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  • Writer's pictureBill Holmes

Project Management Basics – Chapter 2 – Needs Assessment

leadership, management,
You have to know why you are delivering a project!

“It does not take much strength to do things, but it requires a great deal of strength to decide what to do.” Elbert Hubbard

“There are two fatal errors that keep great projects from coming to life:

1) Not finishing; 2) Not starting” Buddha Gautama

Two questions should be answered before any project is initiated:

1) What are trying to accomplish?

2) How will we measure the benefits of the project?

Let us step back for a minute.

Every organization should have a strategic planning process that includes a current state assessment and the identification of threats and opportunities. The leaders of the organization then determine the desirable future state to address those threats and opportunities. They then compare that future state to the current state.

In project management terms, that is called a needs assessment. The needs assessment will identify gaps between the current and the desired state, and projects are born in that gap. Projects are the tactical way to bridge the gap from the present state to the future state. Every project should be strategically aligned, and the sponsor should be able to explain, in very precise terms, the expected business benefit of the project and when those benefits will be realized.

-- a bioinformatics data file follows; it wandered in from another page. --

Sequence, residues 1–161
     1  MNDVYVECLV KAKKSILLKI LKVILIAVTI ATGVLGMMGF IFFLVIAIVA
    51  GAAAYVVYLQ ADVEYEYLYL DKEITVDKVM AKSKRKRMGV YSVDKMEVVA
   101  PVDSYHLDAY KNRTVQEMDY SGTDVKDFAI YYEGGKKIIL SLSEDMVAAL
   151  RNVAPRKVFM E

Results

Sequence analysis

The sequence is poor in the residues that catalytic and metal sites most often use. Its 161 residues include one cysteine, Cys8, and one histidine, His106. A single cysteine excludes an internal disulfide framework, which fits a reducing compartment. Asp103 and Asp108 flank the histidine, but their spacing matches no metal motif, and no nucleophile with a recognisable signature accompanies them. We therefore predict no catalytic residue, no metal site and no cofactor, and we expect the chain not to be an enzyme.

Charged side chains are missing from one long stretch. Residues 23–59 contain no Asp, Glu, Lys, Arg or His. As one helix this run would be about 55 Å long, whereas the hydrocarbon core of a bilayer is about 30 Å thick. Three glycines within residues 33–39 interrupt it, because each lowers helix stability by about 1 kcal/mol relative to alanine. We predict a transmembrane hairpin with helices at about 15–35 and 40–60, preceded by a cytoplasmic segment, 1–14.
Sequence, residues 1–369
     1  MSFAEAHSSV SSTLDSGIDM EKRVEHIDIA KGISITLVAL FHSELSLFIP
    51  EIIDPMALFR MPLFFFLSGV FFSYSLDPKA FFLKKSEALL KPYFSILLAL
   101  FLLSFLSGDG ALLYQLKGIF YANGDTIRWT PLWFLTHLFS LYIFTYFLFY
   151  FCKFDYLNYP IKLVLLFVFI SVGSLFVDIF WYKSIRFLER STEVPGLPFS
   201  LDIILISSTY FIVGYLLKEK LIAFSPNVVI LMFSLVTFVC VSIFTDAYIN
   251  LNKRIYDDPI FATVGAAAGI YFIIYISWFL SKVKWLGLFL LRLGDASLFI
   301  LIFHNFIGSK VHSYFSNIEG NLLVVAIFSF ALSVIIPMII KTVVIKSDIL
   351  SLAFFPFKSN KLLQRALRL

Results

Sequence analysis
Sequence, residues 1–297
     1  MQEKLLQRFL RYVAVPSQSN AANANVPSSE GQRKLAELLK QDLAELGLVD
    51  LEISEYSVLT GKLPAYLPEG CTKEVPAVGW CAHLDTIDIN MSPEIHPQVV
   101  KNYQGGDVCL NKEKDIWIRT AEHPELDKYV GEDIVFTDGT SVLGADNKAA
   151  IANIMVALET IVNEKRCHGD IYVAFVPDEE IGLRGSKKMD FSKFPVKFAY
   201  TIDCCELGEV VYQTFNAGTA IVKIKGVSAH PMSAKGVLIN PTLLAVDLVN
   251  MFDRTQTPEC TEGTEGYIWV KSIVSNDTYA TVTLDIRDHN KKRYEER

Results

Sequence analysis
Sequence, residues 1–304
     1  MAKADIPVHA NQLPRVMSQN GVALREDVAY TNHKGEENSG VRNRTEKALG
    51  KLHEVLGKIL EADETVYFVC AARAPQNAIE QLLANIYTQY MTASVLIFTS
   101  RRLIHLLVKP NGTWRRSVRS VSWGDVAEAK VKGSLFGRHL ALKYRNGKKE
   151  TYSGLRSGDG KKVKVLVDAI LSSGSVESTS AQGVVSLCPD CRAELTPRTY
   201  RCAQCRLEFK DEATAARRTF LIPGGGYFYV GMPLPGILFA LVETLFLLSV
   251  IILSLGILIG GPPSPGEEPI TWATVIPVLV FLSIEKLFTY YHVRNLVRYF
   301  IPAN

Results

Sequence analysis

With the strategic alignment determined and the need identified, we need to develop high level measures. This is hard! Many organizations don’t even try…

That is a mistake! If you don’t determine good measures, then how will you know if you have accomplished your goal? This seems like a basic concept, but when I ask the project managers why they are doing the project and how they will measure success, I hear “I don’t know” far too many times.

That is a leadership failure. Why would you fund something if you couldn’t define precisely why you are doing it or what success looks like?

Next we will discuss the difference between project and product metrics.


Do you think there is objective reality? I no longer think that there is such a thing, rather our opinions are shaped by perspective more than by pure facts. Quantum mechanics supports this notion in the form of the Schrodinger’s Cat thought experiment. Dramatically simplified, the cat is in a box. Is the cat dead or alive? The answer is that the cat is both dead and alive until someone observes that it is either dead or alive. Think about that next time you see something in the news that supports your opinion on a given topic!


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